You want to learn how to use tampons for menstrual bleeding, but you’re not sure how they work, or whether tampons are safe. The fact is that tampons, in one form or another, have been around for centuries. Properly inserted, and removed, tampons provide comfort and security about menstrual hygiene to women from the onset of menstruation during puberty throughout the female reproductive years until the onset of menopause when monthly menstruation ceases.
Time Required: 5 to 15 minutes
- Before you insert a tampon, wash your hands to prevent any harmful bacteria that may be present on your hands from entering your vagina.
- Unwrap the tampon, throwing the wrapper in the trash.
- Make sure the tampon string is secure by gently pulling on it prior to inserting the tampon into your vagina.
- Also be sure that the tampon reaches the tip of the applicator by gently pushing the inner applicator tube so that the tampon almost begins to come out of the applicator.
- Decide if you want to sit or stand during tampon insertion. If you choose to sit, the toilet is a good place. Spread your knees apart and insert the tampon into your vagina. If you’d rather stand during tampon insertion, prop one foot on something so that leg is higher than the other leg; the side of your bathtub is good for propping your foot on.
- Place the tampon applicator tip into the opening of your vagina and push it towards your lower back.
- Continue pushing the tampon back until you can feel the end of the outer tube just at the opening of the vaginal canal.
- Next, push the inner tube into your vagina until the tampon inserts fully, and the inner and outer applicator tube ends meet.
- For proper tampon insertion, make sure the two ends of the applicator meet just at the opening to your vagina. Gently pull the applicator out of the vagina, while making sure that you can feel the string hanging out from the bottom of the tampon.
- When you’re ready to remove, or change a tampon, relax and gently pull on the string attached to the end of the tampon until the tampon is out.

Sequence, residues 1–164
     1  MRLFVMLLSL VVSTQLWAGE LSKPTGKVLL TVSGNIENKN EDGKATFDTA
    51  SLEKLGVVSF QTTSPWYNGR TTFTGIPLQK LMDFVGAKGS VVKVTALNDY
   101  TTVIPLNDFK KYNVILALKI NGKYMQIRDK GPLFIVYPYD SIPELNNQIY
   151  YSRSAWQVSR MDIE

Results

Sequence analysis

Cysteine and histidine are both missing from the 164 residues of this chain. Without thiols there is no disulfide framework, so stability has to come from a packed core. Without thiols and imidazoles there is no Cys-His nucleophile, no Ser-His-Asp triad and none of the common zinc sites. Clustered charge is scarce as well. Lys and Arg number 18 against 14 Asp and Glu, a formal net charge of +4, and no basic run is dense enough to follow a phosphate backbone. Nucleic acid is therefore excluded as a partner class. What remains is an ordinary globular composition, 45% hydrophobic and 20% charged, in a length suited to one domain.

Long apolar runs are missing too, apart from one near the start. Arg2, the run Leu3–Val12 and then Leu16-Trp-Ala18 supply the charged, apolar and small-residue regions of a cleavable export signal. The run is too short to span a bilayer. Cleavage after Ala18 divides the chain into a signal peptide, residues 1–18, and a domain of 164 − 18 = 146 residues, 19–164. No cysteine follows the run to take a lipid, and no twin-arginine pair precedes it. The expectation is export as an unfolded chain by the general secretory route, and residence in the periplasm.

- Before you try inserting a tampon into your vagina, make sure you are fully relaxed. Inserting your first tampon is much easier when you are not worried about whether you’re doing it right. Tensing up can make tampon insertion difficult, if not impossible.
- The best time to insert your first tampon is when your menstrual blood flow is heaviest, which is usually the first or second day of your period. This is the time when tampons slide easiest into your vagina. Use a water-based vaginal lubricant on the applicator tip, if vaginal dryness makes tampon insertion difficult. Never use petroleum jelly as a vaginal lubricant; petroleum jelly can create a breeding ground for vaginal infections.
- Make sure to throw all parts of your tampons and packaging materials including the wrapper and applicator in the trash. Never put tampons, applicators, or wrappers in the toilet; this could lead to expensive plumbing problems.
- Change or remove tampons every four to eight hours, including during the night, depending on the amount of menstrual bleeding you experience. Tampons have been associated with the occurrence of a rare disease called toxic shock syndrome (TSS); the risk goes up the longer you leave tampons in, so be sure to change them often to reduce your risk of TSS.
- Don’t forget to remove the last tampon when your period is finished. If you experience any trouble removing a tampon, contact your doctor for advice.
What You Need
- Water-based vaginal lubricant